The quintessential meeting in agile environments is the daily scrum. This is a daily standup (or sit-down, if the team prefers) where the team checks in with each other, assesses progress against sprint commitments, and collaboratively plans the day. It is ceremonial in the sense that it takes place daily, almost without fail, and follows the same format with the same objectives.
But it can lose its luster and become boring, ineffective and routine, in a bad way.
Signs Your Meetings Need a Boost
Here are some telltale signs that your daily scrum meetings need some recharging:
- People are not on time or enter the meetings in a harried state.
- Conversation persists about non-business topics.
- People are disengaged, such as doing other work or tinkering with their phones.
- One or two people regularly take an oversize chunk of the time.
- Some people give essentially the same input every day.
Fresh Meeting Shake-Up Ideas
If you see these symptoms in your daily scrum meetings, it’s time to shake things up a bit. Here are some ideas:
- Reiterate the purpose of the meetings: to get a feel for where we are as a team and what we need to focus on today and the rest of the sprint.
- Suggest that keeping this purpose in mind, the format can be changed up a bit.
- Consider whether you should dictate a change or ask for input.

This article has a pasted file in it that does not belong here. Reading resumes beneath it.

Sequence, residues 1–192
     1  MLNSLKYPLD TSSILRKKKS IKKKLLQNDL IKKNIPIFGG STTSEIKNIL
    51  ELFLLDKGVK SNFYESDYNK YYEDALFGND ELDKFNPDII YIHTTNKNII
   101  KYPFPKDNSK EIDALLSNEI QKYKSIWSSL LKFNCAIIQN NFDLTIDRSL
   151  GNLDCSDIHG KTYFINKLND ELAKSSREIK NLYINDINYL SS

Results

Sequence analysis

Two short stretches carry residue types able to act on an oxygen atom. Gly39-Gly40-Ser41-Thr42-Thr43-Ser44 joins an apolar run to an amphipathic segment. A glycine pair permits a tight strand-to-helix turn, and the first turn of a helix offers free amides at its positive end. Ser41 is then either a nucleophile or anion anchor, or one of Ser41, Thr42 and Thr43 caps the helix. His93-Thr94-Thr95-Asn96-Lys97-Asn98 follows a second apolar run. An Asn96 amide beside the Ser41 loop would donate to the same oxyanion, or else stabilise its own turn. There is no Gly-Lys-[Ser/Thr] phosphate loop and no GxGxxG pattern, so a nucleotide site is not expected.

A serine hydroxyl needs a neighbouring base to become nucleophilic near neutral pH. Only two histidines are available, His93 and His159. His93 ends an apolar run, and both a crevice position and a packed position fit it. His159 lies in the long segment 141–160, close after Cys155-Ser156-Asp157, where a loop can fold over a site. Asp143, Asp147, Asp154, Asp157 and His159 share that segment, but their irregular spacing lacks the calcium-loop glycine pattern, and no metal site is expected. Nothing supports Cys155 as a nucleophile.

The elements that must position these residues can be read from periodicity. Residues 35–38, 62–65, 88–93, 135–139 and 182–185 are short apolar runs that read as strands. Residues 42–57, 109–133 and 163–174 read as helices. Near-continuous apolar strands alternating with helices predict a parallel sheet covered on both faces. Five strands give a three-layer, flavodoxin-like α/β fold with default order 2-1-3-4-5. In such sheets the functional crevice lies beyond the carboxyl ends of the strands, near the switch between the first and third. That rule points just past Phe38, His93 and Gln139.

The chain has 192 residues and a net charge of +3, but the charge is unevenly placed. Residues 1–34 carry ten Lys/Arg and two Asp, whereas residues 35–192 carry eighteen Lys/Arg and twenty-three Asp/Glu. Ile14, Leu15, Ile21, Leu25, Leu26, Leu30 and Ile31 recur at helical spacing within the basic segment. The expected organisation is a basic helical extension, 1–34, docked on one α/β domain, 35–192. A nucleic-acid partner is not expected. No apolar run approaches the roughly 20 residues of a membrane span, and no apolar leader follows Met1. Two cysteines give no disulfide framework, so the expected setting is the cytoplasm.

- If you dictate the change, implement it immediately. For example, instead of going around the room to each person, you could walk through the list of tasks, user stories, or epics that are on the plan for the sprint.
- If you decide to ask for input, make it structured and expedient. Don’t allow things to get wrapped into the process.
The key to solving the problem of sluggish meetings is to first remember the purpose of the meeting, and second to quickly implement a different way of addressing this objective of the meeting.
What can you do today to freshen up a daily meeting to more effectively fulfill its purpose?
This post is part of the series: Agile Power Techniques
This is the first part of a series of four articles on ‘Agile Power Techniques’ – ways that Scrum Masters and other agile leaders can help teams be more productive, relevant and fun.